Misappropriation of Trade Secrets
Misappropriation of Trade Secrets
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This is Brian Hall, an attorney with Traverse Legal, PLC. A law firm that deals with the misappropriation of trade secrets throughout the United States. Today, I will be talking about misappropriation of trade secrets.
When we’re talking about trade secrets, we need to first define what is a trade secret. And that becomes really important when we’re looking at the cause of action for misappropriation of trade secrets because in order to state a claim for misappropriation of trade secrets, one must show that the actual information, indeed, qualifies as a trade secret, and, must also show that the person that took or used the trade secret, did so with an improper means or in breach of some kind of confidential relationship. Finally, the owner of the trade secret must have used reasonable steps to preserve the secrecy of the trade secret. So, those three elements generally constitute misappropriation of trade secrets.
Now, while each state has different laws pertaining to trade secret misappropriation, the Uniform Trade Secrets Act essentially tried to make the laws as similar as possible throughout the United States. Therefore, those elements are consistent to a certain extent and can be followed in a general sense.
So getting back to what is a trade secret. A trade secret can consist of any formula, pattern, device or compilation of information that is used in the business and gives that business the opportunity to obtain an advantage over others, such as competitors who do not know what the actual trade secret is or actually use it.
So, when we’re further talking about a trade secret, it can be many different kinds of things. It can be a customer list, software or other information that meats that definition of a trade secret. Namely, that it’s secret information that provides a competitive advantage. Now like I said before, since each state law has different cases and interprets law regarding misappropriation of trade secrets differently, reviewing what the different courts have held constitutes a trade secret and what may not constitute a trade secret, is always beneficial in determining whether or not you as a business may actually own a trade secret.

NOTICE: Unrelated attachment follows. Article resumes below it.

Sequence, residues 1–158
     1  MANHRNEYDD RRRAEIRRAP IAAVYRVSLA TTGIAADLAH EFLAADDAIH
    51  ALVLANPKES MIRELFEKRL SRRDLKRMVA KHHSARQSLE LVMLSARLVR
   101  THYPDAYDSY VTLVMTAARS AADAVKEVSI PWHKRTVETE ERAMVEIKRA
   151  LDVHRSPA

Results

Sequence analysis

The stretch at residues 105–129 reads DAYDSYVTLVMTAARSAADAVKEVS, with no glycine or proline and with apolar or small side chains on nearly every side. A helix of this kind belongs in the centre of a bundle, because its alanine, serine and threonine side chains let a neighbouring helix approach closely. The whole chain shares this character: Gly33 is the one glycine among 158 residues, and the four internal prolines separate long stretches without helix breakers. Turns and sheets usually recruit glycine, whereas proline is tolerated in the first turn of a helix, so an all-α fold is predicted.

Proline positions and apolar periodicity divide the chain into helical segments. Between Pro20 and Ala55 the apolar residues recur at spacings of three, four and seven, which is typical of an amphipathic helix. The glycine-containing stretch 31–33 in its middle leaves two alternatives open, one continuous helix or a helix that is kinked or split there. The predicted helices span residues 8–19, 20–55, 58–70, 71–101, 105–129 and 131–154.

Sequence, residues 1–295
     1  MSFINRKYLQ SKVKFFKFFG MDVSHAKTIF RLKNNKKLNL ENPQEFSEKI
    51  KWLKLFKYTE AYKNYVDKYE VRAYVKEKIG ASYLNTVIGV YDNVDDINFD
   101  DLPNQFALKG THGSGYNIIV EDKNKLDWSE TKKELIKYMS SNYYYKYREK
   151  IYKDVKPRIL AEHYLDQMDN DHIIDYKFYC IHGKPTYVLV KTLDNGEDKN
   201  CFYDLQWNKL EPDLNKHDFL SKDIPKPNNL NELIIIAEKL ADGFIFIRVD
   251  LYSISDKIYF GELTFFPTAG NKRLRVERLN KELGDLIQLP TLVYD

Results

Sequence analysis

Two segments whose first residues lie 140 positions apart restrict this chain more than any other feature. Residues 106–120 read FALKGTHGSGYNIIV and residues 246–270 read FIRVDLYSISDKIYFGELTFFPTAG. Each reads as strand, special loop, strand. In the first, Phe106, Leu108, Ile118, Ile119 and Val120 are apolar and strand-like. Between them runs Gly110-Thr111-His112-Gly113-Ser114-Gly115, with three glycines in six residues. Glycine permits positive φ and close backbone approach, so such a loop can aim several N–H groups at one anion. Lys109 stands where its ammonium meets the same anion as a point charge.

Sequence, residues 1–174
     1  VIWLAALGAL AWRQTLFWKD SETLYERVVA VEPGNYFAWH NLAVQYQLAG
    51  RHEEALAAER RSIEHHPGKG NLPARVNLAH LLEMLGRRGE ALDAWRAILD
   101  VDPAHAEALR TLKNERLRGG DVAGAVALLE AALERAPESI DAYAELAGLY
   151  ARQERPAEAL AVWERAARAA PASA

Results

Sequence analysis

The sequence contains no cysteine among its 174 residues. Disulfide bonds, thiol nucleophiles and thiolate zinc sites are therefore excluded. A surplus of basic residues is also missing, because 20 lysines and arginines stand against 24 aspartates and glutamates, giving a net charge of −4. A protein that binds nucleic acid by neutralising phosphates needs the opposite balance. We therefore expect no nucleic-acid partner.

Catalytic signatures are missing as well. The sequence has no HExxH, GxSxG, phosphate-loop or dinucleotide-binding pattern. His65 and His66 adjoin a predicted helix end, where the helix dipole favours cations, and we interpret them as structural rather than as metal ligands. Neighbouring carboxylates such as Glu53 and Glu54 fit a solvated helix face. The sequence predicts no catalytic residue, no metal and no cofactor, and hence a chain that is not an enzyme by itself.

Assuming that you do have a trade secret, the next thing that you have to show is that you’ve taken reasonable steps to preserve the secrecy of that trade secret. This can be many things. The most common is that you’ve used contractual agreements to identify and preclude the specific use, dissemination or other improper usage of that particular information as identified as a trade secret. This is typically in employment agreements, in independent contractor agreements and even in other agreements with third parties that would be given access to some of that information under a confidential manner.
The other types of reasonable steps to preserve secrecy might depend on what the actual trade secret is. If it’s a customer list, should that customer list be under lock and key? If it’s a recipe for something, should that be under lock and key? If it’s software, should there be restricted access via passwords and other things along those lines? Those are all questions that are important to answer and a trade secret attorney or trade secret lawyer can usually give the necessary advice in order to give you the best opportunity of establishing that you’ve taken reasonable steps to preserve the secrecy of your trade secret.
So, assuming you have a trade secret, and assuming you’ve taken those steps to preserve the secrecy of it, the last element you must establish to have a valid cause of action for misappropriation of trade secrets is that the defendant – the person that you’re looking to enforce your trade secret ownership against – actually misappropriated the secret. And what that means is that they used improper means to acquire it, to use it, or to disclose it. And those improper means can be in violation of one of the types of confidential contractual agreements that I mentioned before, or it could be simply them exceeding their authorization and downloading certain information and then using it for their own use, providing it to a competitor or something else.
Each case is obviously specific to its facts, but generally those are the elements that are necessary in order to establish a misappropriation of trade secrets cause of action.
Once again, this has been Brian Hall, a trade secret attorney located here in Michigan. I hope this has been helpful.
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